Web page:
Book Review – Island Shifters (Book One)

Island Shifters
Book One in “An Oath of Blood”
Island Shifters
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Island Shifters was another one of those ‘Ooooo shiney cover!’ books that I grabbed when I saw it in my Kindle Carousel. Therewas something compelling about the simplicity of the cover. It looks very similar to something my wife might draw and color, so I grabbed it while it was free.

The setting is pretty straightforward. There is an island, Massa, which is split in to several smaller countries. One of the countries, Pyraan, is used to hold all of the magic users of the island. Here, they are called Shifters and the operate a LOT like the Benders of Avatar: The Last Airbender and Legend of Korra. However, instead of the typical Earth, Air, Wind, Fire balance we are give Earth, Fire, Mind, and Shape. Mind shifting appears to be telekinesis and telepathy (as well as mind control) and Shape appears to be the ability to copy the physical appearance of anything you can get close enough to.

Our heroes are four prodigies of shifting – one for each element – and their Draca Cat (a lion/dragon hybrid if I am getting the images correctly. They have been sent to do their duty as shifters and keep the island safe from the outside forces that have threatened them for several centuries. While they are reluctant to do this, they are required to due to the mysterious ‘Blood Oath’ (more on that in a minute). Needless to say they learn some skills and find out that the time of peace they have been having is going to come to an end. They have to go on a quest to find a lost kingdom and allies to help turn away the evil necromancer that is coming to destroy their kingdom (again).

There is also a prophecy.

All in all, it’s a fairly standard fantasy setup. There are, however, a few bits and pieces that separate this from other stories. One significant item is the magic system – there are a number of fairly clear rules to using powers and a few societal limitations. The author, however, keeps the system consistent and straight forward, making I easy to track and also easy to see why a character chooses NOT to use their powers to solve a dilemma. The power simply won’t allow itself to be used that way. Similarly the treatement of the shifters is consistent – they are something to be feared and controlled. While you would think saving several villages would break folks of this habit (and individually it does) society isn’t changing overnight to make it easier for you to be a magic user. While the ease is sometimes inconsistent, it is there and maintained, which is good.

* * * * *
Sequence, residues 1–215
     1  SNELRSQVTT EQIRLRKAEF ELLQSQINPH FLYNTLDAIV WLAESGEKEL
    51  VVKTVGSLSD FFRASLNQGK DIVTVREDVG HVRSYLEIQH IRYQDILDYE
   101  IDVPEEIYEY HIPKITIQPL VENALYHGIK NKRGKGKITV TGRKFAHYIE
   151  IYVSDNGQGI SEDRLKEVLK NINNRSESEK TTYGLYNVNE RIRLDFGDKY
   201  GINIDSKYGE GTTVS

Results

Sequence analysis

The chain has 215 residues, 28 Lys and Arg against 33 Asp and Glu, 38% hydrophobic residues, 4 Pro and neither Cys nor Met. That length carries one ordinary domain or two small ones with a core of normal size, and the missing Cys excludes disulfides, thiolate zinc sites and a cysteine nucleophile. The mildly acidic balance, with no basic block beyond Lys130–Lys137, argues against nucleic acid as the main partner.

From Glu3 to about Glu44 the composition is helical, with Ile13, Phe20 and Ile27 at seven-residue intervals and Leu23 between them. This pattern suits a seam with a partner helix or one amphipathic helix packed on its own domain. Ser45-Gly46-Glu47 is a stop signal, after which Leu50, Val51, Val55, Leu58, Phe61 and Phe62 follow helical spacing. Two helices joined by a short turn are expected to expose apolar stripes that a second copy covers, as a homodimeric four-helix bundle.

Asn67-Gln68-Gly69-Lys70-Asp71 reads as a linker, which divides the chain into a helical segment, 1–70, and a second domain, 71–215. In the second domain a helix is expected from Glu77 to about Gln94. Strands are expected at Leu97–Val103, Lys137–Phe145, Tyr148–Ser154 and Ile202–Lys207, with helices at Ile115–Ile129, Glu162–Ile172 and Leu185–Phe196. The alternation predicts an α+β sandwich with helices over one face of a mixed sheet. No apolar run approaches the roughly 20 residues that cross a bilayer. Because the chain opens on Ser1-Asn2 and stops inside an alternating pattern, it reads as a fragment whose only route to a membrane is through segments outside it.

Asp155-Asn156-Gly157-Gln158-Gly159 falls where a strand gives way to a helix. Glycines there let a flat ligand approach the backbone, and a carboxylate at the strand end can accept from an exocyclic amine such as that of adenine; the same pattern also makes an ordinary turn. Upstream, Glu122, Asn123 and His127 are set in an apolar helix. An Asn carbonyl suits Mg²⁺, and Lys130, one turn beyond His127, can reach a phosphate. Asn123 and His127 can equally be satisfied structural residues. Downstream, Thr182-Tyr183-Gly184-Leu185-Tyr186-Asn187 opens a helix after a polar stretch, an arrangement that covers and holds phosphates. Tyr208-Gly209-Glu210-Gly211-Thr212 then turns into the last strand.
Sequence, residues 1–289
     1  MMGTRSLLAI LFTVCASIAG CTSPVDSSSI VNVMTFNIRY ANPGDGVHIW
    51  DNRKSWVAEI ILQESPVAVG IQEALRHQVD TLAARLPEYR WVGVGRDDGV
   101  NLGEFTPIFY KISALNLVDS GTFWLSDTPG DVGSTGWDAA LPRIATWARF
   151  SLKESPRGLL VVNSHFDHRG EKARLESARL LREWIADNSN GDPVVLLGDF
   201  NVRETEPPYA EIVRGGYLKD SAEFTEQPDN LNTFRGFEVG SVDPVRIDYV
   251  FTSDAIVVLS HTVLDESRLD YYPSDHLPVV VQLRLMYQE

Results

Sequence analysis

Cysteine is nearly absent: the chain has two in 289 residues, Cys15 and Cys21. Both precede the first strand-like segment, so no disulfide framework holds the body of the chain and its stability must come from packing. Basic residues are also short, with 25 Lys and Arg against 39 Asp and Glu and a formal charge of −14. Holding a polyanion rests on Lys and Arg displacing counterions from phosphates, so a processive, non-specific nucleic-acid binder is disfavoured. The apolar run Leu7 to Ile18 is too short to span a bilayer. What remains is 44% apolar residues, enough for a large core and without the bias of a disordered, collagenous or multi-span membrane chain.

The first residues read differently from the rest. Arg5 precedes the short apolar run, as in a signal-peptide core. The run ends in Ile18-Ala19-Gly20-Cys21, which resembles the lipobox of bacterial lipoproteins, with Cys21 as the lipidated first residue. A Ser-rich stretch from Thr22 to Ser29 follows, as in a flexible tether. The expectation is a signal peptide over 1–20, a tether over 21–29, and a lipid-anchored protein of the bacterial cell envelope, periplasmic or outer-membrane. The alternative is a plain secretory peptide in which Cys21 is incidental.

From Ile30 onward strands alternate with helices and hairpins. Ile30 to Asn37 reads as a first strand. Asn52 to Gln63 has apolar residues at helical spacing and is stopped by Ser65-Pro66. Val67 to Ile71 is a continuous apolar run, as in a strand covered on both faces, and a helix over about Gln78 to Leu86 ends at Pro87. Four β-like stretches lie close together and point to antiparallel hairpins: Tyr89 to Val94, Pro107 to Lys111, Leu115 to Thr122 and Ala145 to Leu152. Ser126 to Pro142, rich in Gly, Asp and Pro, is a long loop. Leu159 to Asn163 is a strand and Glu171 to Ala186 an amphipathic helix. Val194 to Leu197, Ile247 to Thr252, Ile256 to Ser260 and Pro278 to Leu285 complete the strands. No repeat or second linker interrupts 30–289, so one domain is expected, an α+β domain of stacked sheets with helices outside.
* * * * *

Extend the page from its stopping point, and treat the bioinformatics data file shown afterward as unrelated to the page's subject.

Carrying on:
Then there is the Blood Oath. While it is an important element to the story and it is a part of the series, it’s not handled especially well. Several times the main characters propose a solution to a problem only to be told “that’s forbidden by the Blood Oath.” While we are introduced to the Blood Oath as readers and told of the consequences of violating it, most of the consequences we are told of are societal in nature. There is literally nothing stopping the main characters from going out and using their powers as long as they don’t get caught. Given how many lives several instances of ignoring the Blood Oath would have saved, I can’t help but feel it was a bit arbitrary and useless. It just isn’t implemented well and I hope it is expanded on and explained better in future entries in the series.

The characters are good, if a little bit generic. We have the classic four way cast of many fantasy series’ and it doesn’t take long for them to fall in to their established role within the genre. This isn’t a bad thing, but it does make it feel a little bit cliché when reading through the dialogue and events. The characters are about 2.5 dimensions and need some real conflict and puzzle to deepen them a bit. Almost every challenge they come across is solved within a few chapters except for the main plot. That’s good for them, but makes it feel rather convenient. I’d like to see some real conflict between the characters and not the established fluff that we are given.

On the whole, the book is not bad. It’s good enough that if the price drops on the sequel, I’d grab it, but I wouldn’t ever pay full price. Especially not the Print Price.
Overall Rating: 3/5
Writing: 3/5
Characterization: 3/5
Setting: 4/5
Story: 3/5
Flow: 3/5
Value: 5/5 (Free), 1/5 (Standard Listing)


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